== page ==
Publication

A non-invasive, low-cost study design to determine the release profile of colon drug delivery systems: A feasibility study

Maurer, M. J. M., Schellekens, R. C. A., Wutzke, K. D., Dijkstra, G., Woerdenbag, H. J., Frijlink, H. W., Kosterink, J. G. W. & Stellaard, F., Aug-2012, In : Pharmaceutical Research. 29, 8, p. 2070-2078 9 p.

Research output: Contribution to journalArticleAcademicpeer-review

PURPOSE: Conventional bioavailability testing of dosage forms based on plasma concentration-time graphs of two products in a two-period, crossover-design, is not applicable to topical treatment of intestinal segments. We introduce an isotope dual-label approach ((13)C- and (15)N(2)-urea) for colon drug delivery systems that can be performed in a one-day, non-invasive study-design.

METHODS: Four healthy volunteers took an uncoated or a ColoPulse-capsule containing (13)C-urea and an uncoated capsule containing (15)N(2)-urea. In case of colon-release (13)C-urea is fermented and (13)C detected as breath (13)CO(2). Absorbed (13)C-urea and (15)N-urea are detected in urine.

RESULTS: C and (15)N in urine released from uncoated capsules showed a ratio of 1.01 ± 0.06. The (13)C/(15)N-recovery ratio after intake of a ColoPulse-capsule was constant and lower >12 h post-dose (median 0.22, range 0.13-0.48). The (13)C/(15)N-ratio in a single urine sample at t ≥ 12 h predicted the 24 h non-fermented fraction (13)C of <26 %. Breath (13)CO(2) indicated delayed (>3 h) release and a fermented fraction (13)C >54 %.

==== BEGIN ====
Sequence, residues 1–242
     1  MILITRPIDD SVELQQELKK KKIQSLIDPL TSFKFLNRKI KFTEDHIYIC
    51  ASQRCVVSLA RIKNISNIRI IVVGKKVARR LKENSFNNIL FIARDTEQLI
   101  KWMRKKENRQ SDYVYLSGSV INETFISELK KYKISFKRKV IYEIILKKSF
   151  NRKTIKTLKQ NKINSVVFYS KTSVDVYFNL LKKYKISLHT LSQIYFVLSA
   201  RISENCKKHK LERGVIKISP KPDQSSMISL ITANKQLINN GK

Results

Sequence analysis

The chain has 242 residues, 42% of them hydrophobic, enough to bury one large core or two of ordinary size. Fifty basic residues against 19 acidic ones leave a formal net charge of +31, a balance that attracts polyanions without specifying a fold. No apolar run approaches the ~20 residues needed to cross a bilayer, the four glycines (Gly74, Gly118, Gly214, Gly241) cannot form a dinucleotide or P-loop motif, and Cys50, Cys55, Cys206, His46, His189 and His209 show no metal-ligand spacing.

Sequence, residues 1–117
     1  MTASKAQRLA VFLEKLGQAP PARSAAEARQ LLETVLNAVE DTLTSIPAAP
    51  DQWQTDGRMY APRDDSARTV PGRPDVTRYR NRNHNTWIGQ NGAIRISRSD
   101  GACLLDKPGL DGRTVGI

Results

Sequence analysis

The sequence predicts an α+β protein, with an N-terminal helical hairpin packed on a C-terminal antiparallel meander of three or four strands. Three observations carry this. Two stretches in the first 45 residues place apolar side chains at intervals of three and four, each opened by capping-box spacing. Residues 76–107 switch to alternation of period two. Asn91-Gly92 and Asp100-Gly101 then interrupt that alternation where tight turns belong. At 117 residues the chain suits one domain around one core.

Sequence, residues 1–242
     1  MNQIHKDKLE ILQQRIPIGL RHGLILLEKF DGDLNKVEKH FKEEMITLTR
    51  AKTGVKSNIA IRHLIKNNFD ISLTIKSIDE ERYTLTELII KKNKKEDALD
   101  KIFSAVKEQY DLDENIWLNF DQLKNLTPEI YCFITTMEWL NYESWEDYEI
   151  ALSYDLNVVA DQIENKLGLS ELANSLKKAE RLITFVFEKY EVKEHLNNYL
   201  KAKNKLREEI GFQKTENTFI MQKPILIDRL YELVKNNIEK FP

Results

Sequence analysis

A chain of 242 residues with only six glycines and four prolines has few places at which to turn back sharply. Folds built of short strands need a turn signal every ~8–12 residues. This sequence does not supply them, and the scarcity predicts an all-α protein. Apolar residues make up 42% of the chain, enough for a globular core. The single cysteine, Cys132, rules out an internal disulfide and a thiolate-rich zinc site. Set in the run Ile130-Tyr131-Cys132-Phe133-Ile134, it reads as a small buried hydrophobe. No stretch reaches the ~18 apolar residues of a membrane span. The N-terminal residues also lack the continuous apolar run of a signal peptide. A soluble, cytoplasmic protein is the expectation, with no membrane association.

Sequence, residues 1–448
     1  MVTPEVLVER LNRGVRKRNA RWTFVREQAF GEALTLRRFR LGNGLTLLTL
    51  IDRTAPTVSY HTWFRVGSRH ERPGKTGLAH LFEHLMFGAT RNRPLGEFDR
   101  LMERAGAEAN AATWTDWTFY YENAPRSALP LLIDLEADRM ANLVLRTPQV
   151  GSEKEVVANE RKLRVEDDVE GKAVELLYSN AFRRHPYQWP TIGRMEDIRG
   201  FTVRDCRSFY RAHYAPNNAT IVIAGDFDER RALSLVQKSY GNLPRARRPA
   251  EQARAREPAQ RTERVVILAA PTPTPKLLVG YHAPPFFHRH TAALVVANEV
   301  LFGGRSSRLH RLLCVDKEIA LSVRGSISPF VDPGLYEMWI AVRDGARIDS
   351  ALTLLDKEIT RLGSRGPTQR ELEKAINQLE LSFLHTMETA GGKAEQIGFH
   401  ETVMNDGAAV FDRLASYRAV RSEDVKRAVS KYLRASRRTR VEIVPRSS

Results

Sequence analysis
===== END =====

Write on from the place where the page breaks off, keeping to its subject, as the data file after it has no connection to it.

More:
CONCLUSIONS: Breath and urine (13)C and (15)N data describe the release-profile and local bioavailability of a colon delivery device. This allows non-invasive bioavailability studies for evaluation of colon-specific drug delivery systems without radioactive exposure and with increased power and strongly reduced costs.

Original languageEnglish
Pages (from-to)2070-2078
Number of pages9
JournalPharmaceutical Research
Volume29
Issue number8
Publication statusPublished - Aug-2012

    Keywords

  • Colon-delivery, Local bioavailability, Release profile, Stable isotope, Urea, carbon 13, carbon dioxide, drug, nitrogen 15, urea, adult, article, breath analysis, colon, controlled study, cost control, drug absorption, drug bioavailability, drug capsule, drug coating, drug delivery system, drug distribution, drug elimination, drug metabolism, feasibility study, female, fermentation, human, human experiment, isotope labeling, male, mathematical model, non invasive procedure, normal human, priority journal, pulsatile drug release, study design, urinalysis

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